So do you go out in poor light to catch something unusual? That’s your choice.
Sometimes I hold off for fine weather or good light to make images. Other times I’m faced with catching something in prevailing conditions. The railway doesn’t run for sunshine.
Once a week Irish schedules an extra IWT Liner (International Warehousing & Transport—Dublin North Wall to Ballina, Co. Mayo). In recent months, this has operated with the elusive container pocket wagons (CPWs). But it doesn’t necessarily run every week.
I have plenty of photos from Islandbridge Junction, and no shortage of images depicting the IWT Liner, and while I’ve photographed the CPWs over the years, last week I knew for certain (that’s railway certain, which is at best uncertain) that the CPWs were on due to pass.
Some readers might wonder why I persist with traditional black & white photography, when modern digital imaging is easier and doesn’t involve all that messing about with chemistry.
The reasons are simple:
I like tradition. I’ve always made black & white photos and processed my own film. While there have been gaps in my black & white work (usually owing to a lack of adequate facilities), I like the continuity by occasionally working with a consistent medium.
My black & white efforts can achieve desired results that may not be equivalent to images made digitally.
Because traditional black & white photography is more difficult, I feel it hones my image making skills.
I process my negatives in an archival fashion and I scan them digitally. This leaves me with greater chances that the images will survive for generations than images strictly stored on ephemeral digital media.
Some years ago, someone asked me if I had adjusted to the switch to digital photography. I said, “I still haven’t adjusted to the switch to color!”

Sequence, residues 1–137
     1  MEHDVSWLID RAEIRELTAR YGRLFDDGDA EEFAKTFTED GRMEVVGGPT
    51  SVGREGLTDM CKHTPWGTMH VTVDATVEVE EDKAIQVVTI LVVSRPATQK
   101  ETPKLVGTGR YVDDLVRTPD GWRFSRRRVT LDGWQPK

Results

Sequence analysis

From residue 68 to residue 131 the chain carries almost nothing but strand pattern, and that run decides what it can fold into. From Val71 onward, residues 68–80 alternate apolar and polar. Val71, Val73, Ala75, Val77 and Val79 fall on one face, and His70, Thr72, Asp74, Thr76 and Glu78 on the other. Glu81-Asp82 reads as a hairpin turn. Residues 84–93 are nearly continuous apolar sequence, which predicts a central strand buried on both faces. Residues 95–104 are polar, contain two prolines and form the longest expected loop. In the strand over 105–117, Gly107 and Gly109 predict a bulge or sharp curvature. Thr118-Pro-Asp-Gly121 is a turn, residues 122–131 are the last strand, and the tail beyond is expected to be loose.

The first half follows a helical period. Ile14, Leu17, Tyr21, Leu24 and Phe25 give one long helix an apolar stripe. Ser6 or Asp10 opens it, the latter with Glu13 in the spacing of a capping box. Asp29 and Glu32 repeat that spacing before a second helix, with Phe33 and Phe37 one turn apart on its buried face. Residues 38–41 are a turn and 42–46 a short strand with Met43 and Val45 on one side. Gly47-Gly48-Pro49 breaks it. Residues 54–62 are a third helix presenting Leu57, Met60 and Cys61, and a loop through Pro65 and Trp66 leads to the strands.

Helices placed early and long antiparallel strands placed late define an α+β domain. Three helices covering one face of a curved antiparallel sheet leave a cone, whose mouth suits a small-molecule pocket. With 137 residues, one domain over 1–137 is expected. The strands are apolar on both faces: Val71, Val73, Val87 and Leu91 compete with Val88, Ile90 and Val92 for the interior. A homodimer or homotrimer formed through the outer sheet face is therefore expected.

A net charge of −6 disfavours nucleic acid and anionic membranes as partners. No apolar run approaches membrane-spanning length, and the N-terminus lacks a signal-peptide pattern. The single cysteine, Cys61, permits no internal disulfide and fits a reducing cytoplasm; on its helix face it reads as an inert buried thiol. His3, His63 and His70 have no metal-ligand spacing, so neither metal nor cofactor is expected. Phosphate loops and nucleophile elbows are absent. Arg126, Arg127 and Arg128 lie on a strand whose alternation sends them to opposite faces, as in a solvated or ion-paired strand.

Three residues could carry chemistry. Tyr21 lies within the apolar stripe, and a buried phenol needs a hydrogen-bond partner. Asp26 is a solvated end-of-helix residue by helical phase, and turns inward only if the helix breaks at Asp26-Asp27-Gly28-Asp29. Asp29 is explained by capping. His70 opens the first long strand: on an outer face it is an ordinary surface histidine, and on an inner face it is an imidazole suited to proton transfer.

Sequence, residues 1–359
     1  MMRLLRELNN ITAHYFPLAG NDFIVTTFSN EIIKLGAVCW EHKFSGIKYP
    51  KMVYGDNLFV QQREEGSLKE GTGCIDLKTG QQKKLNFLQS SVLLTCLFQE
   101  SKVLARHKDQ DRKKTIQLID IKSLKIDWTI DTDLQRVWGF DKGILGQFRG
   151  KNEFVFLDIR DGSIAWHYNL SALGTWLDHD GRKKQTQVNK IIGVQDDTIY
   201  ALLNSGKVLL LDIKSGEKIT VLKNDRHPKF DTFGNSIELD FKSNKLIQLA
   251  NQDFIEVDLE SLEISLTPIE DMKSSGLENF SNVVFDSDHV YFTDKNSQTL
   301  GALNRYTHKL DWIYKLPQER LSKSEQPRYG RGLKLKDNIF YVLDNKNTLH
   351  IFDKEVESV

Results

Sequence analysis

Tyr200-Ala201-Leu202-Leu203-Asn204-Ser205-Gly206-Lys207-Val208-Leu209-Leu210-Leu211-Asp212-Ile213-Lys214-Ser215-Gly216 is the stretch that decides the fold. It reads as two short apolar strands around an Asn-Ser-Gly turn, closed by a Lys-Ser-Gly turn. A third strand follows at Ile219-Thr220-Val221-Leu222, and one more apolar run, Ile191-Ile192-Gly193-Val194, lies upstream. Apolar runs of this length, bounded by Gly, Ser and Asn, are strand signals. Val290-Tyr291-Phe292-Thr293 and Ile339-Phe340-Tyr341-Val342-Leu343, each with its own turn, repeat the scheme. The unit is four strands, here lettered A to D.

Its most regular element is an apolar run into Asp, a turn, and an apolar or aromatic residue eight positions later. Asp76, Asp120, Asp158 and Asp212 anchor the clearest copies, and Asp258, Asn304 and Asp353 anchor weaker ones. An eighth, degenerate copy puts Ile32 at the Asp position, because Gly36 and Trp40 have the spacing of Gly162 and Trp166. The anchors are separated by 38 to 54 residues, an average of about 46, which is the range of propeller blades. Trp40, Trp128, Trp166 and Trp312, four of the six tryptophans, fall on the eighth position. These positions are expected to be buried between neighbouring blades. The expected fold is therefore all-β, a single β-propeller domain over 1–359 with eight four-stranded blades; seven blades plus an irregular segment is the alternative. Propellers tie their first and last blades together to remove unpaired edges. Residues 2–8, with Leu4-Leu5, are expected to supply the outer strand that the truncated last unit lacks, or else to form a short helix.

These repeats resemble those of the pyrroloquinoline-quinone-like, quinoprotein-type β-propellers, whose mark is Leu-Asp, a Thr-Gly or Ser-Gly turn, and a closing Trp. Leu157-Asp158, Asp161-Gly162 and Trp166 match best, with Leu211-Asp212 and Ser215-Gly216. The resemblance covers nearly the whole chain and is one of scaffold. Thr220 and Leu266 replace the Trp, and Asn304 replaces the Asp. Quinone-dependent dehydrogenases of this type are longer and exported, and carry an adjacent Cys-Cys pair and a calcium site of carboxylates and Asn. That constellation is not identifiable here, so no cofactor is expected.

However, just because I continue with the time-honored tradition of black & white photography, doesn’t prevent me from also working digitally.
As regular viewers know, I routinely expose, present (and occasionally publish) modern digital images. In fact I find that two types of photography complement each other nicely.
On June 15, 2016, I posted two views of Pan Am Railway’s leased Slug Set working in East Deerfield hump service and paused on the Connecticut River Bridge east of the yard.
I asked readers to voice an opinion on their preferred image, while explaining that one was exposed on black & white film the traditional way and the other exposed digitally as a monochrome image.
I’ve weighed the comments, email and Facebook messages and found that the response was more or less evenly split, with a slight leaning to the top image (film). One respondent voiced a dislike of both images (see comments).
Below are the two vertical images with details of how they were made.
Both images were scaled for internet presentation using Lightroom.
Below is a comparison between two photos; one exposed digitally and one made with film. (Hint: click on Tracking the Light to see both).
I made these the other day of Pan Am’s hump engine working on the Connecticut River Bridge at East Deerfield, Massachusetts.
I won’t bore you with excessive detail, but one was made as a black & white image with a digital camera . The other was exposed in a traditional manner on black & white film, processed chemically and then scanned and scaled.
So: which image do you prefer? (number one or number two).
Oh, and by the way, it is up to you to decide which was made with film and which was not.